Two attorney general candidates visit area

Thursday, January 3, 2008

State lawmakers seeking to step into the attorney general's office are using the last week before the Missouri Legislature convenes to hit the road in search of support.

Senate President Pro Tem Mike Gibbons, R-Kirkwood, and state Rep. Margaret Donnelly, D-St. Louis, made separate visits to the Southeast Missourian to explain their programs while on their way to other appointments.

Gibbons, who has no major GOP opposition so far, said voters tell him they are most concerned about illegal immigration and property taxes. Both issues will come up in the legislative session.

Gibbons said he supports a proposal to make it a crime for illegal immigrants to seek licenses and efforts to make employers liable for knowingly employing illegal immigrants. He is sponsoring a bill to force school districts and other local governments to cut property taxes after reassessment.

Gibbons also said he wants to improve the office's support for local prosecutors and promised to refrain from taking campaign contributions from any person or business under investigation by the attorney general's office.

Donnelly promised she will be a strong advocate for consumers, and has sponsored a bill to make product recalls mandatory in the wake of problems with Chinese imports that contain toxic chemicals. She also said she will work to rein in predatory lenders, including payday loan businesses, and increase the office's focus on enforcing the Missouri Sunshine Law, seeking increased penalties for violators and providing more help to citizens seeking access to government records.

Filing won't open for state offices until late February. But Gibbons and Donnelly have been campaigning for months for the job that will be vacated by Jay Nixon, a Democrat planning to challenge Republican Gov. Matt Blunt's bid for re-election.

While Gibbons has clear sailing so far to the August primary, Donnelly is battling two fellow lawmakers, Sen. Chris Koster, D-Harrisonville, and state Rep. Jeff Harris, D-Columbia, for her party's nomination. Koster has a substantial lead in fundraising, but must return $373,000 in contributions accepted while a law repealing donation limits was in effect. Donnelly said she's pleased by the support she's receiving and will report having more than $500,000 on hand as of Jan. 1.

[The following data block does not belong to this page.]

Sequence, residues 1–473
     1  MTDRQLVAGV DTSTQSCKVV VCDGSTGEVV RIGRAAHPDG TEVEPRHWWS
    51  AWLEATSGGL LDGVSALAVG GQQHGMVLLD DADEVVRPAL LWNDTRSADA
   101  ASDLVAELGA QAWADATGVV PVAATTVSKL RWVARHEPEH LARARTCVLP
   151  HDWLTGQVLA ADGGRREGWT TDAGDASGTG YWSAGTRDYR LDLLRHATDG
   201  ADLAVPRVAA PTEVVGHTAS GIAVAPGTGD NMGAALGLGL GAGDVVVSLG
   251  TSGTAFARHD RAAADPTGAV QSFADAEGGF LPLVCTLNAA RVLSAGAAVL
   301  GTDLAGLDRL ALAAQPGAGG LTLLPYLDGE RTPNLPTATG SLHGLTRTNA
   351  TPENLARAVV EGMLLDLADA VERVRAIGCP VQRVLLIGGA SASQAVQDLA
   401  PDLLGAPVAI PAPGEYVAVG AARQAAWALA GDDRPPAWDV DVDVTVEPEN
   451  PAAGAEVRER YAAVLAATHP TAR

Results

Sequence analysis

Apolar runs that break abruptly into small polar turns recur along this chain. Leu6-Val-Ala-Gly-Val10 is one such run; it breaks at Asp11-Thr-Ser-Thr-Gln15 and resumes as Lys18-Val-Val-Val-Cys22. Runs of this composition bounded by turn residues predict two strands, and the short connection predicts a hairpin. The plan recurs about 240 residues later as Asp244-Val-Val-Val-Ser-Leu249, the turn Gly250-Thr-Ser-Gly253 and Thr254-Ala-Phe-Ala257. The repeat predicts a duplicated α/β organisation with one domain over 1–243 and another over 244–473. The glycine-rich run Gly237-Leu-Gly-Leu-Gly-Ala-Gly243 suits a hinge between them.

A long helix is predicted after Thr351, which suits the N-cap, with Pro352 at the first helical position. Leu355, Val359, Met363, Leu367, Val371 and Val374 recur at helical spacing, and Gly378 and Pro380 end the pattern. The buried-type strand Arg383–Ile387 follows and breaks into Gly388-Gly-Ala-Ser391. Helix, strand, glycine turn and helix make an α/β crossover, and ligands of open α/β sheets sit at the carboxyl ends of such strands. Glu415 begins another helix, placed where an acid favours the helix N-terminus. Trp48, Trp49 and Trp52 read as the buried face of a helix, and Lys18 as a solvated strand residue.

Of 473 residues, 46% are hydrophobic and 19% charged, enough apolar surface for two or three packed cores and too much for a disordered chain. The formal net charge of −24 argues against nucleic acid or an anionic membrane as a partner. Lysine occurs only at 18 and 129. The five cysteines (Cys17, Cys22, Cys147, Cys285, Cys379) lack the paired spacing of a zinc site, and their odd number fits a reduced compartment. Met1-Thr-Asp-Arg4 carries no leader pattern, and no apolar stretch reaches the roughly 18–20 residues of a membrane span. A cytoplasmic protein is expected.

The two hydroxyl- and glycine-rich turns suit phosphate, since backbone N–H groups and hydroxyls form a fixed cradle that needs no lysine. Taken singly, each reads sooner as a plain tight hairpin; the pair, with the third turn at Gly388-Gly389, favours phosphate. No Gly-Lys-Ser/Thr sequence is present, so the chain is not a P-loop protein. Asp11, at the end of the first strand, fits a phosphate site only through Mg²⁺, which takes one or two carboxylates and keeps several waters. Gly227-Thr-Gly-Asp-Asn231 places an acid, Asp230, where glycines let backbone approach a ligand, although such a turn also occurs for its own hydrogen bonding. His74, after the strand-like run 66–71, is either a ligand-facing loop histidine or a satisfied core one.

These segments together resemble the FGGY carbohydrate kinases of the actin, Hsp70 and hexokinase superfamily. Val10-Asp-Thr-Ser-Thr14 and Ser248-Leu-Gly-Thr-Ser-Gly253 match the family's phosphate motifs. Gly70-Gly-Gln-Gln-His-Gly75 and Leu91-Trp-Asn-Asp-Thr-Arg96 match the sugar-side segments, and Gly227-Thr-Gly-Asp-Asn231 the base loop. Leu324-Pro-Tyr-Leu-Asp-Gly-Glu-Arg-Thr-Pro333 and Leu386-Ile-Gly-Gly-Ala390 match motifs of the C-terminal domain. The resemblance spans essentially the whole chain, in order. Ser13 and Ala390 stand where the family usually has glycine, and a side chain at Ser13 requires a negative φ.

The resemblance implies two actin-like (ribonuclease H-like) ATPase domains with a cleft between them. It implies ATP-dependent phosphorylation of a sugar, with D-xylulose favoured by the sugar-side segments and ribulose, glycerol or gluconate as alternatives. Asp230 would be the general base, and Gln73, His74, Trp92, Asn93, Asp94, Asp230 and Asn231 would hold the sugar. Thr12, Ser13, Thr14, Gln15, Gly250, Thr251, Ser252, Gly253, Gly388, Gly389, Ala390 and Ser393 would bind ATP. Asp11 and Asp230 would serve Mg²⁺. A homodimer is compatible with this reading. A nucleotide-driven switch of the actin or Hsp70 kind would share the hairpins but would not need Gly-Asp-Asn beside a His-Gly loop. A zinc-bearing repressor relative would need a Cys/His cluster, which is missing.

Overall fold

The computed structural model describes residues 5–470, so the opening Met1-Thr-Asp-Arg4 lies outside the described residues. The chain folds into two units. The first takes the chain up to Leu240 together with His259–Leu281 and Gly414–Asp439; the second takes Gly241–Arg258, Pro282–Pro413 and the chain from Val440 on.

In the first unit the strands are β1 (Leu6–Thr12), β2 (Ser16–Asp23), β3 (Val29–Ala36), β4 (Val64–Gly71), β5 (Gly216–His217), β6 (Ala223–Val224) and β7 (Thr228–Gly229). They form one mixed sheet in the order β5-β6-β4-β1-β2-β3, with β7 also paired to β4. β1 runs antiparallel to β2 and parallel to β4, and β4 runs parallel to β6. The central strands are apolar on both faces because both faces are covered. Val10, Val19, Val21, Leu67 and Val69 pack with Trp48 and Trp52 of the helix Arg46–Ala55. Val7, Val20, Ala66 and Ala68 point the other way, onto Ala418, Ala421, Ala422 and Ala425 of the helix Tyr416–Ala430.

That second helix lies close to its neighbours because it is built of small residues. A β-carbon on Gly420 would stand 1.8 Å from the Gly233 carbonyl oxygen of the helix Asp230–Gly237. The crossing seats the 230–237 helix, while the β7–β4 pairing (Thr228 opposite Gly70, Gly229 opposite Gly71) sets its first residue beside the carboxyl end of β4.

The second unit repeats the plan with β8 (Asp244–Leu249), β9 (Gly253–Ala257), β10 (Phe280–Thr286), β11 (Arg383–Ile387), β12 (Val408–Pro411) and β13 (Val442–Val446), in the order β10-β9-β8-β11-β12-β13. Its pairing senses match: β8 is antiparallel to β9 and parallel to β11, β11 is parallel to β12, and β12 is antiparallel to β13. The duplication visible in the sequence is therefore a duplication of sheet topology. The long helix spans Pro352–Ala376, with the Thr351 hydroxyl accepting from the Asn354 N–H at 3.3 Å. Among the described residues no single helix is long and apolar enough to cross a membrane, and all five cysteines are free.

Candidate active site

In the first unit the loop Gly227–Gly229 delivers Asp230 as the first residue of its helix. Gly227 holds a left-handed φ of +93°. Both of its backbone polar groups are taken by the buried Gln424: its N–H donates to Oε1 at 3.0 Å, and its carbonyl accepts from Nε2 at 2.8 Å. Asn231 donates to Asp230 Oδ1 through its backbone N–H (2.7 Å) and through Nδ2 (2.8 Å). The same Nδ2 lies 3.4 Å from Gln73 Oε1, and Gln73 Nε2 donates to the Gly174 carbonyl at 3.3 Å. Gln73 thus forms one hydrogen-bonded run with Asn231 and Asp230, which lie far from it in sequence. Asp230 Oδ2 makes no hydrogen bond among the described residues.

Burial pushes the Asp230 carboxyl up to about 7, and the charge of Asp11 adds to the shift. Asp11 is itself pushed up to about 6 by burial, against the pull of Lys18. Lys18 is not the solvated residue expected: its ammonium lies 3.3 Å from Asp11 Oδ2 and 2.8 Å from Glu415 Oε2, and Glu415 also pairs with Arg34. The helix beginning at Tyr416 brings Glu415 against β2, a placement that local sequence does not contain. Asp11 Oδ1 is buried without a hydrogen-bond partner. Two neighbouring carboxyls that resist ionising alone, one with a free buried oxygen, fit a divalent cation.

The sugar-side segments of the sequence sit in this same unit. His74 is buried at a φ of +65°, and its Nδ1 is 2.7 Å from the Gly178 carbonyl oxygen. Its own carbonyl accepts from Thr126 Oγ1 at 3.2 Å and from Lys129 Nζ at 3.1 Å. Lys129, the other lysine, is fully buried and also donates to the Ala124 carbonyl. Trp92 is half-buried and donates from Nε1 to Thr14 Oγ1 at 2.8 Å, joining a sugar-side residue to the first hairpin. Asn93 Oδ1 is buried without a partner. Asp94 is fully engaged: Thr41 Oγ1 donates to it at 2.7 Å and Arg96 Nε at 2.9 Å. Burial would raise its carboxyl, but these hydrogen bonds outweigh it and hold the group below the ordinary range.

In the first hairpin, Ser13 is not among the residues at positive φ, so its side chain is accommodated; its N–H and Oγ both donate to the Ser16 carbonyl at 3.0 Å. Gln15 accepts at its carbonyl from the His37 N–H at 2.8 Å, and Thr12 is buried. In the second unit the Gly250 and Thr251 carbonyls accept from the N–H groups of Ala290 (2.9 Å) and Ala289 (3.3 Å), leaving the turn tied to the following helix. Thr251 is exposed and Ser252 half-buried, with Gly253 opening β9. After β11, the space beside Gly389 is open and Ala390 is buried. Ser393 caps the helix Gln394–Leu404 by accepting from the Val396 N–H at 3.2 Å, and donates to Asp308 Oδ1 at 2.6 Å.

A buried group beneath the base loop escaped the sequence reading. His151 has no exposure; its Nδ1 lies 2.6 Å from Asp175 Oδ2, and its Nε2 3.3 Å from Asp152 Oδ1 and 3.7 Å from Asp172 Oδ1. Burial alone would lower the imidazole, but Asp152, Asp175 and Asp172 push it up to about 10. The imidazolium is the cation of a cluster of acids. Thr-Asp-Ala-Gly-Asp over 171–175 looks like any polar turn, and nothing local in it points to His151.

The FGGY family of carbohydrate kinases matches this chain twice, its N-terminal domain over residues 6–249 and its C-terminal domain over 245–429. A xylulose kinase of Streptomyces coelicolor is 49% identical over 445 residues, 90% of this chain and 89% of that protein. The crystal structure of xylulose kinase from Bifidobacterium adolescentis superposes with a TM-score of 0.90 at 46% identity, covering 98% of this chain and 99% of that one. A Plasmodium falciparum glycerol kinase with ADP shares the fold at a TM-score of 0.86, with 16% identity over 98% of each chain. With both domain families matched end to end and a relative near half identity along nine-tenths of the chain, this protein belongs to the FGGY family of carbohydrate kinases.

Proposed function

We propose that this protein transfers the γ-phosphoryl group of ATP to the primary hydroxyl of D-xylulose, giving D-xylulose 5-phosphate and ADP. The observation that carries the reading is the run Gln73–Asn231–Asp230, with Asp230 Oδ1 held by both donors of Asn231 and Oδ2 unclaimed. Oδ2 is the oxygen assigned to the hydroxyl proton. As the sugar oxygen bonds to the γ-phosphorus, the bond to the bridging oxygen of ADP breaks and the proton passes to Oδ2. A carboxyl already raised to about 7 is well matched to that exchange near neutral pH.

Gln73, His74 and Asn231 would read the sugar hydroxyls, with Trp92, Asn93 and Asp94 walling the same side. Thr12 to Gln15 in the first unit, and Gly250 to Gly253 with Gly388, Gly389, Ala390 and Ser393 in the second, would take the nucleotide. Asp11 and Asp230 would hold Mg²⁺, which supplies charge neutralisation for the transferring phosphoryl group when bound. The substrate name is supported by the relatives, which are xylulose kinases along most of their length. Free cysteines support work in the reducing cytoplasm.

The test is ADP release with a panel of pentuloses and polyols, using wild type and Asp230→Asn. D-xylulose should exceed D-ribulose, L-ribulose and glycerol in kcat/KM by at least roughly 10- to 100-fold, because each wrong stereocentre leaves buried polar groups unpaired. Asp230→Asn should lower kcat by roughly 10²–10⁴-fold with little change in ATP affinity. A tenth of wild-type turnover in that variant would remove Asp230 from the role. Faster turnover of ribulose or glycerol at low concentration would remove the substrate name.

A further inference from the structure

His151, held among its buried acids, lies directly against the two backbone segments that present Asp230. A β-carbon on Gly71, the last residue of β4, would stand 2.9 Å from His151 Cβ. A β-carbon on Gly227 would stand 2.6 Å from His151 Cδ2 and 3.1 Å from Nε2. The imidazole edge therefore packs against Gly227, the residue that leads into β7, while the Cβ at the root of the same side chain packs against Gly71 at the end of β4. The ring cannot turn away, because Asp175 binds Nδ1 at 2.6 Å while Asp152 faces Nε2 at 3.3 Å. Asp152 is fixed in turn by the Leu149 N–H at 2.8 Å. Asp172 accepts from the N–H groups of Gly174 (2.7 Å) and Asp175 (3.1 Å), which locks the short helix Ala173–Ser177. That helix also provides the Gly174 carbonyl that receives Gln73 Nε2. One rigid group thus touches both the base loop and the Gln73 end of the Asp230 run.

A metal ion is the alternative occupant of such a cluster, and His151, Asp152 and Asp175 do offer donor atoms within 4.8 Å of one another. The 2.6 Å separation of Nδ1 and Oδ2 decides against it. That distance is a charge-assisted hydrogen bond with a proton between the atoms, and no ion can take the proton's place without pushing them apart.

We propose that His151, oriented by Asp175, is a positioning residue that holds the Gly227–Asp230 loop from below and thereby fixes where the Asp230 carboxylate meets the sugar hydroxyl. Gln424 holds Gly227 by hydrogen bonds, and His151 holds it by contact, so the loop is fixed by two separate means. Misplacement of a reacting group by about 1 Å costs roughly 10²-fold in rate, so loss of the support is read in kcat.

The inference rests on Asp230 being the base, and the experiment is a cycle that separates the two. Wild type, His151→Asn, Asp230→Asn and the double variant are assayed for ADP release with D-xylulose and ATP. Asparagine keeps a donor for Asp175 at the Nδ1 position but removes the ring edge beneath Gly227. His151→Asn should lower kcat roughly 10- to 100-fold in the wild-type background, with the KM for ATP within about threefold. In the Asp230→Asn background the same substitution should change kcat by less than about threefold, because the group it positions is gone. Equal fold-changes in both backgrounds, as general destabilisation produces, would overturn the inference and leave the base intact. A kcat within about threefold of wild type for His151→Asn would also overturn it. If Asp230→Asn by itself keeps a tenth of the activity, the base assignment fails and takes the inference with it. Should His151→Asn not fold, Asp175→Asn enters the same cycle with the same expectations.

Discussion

On the issues

As attorney general, Gibbons said he will be careful about asking for more powers to initiate prosecutions. Most state enforcement is correctly in the hands of local prosecutors, he said, and he plans to "work with them to give them the resources necessary to do their job."

On illegal immigration, he said voters expect state officials to take steps to prevent illegal immigrants from obtaining driver's licenses. Efforts to punish employers, he said, must make sure that the employers were "actively engaged" in the effort to hire illegals. But when proven, he said, "they ought to lose tax credits or any benefit the public provides."

On property taxes, Gibbons said changes are needed because when property values rise, "it is pretty easy to get a tax increase in through the back door."

Donnelly said voters should judge candidates for attorney general the way they would consider choices for a personal attorney. The attorney general is the consumer's advocate under state law, she said, and that chore is one she would pursue vigorously. "The threats to consumers range from every possible problem on the Internet to dishonest businesses."The state doesn't require retailers with unsold products that are subject to recall to clear their shelves of the goods, she said. The requirements for posting notices about recalls should also be strengthened, Donnelly said.

Donnelly is suing the Missouri Ethics Commission to force open hearings for candidates who claim a hardship in order to keep donations accepted during the period when limits were not in place. She said that proves her commitment to the Sunshine Law. She promised vigorous enforcement and a push to impose a tougher standard on officials who seek to circumvent the law.

"It is important to keep government open," she said. "Citizens are tired of government behind closed doors."

rkeller@semissourian.com

335-6611, extension 126

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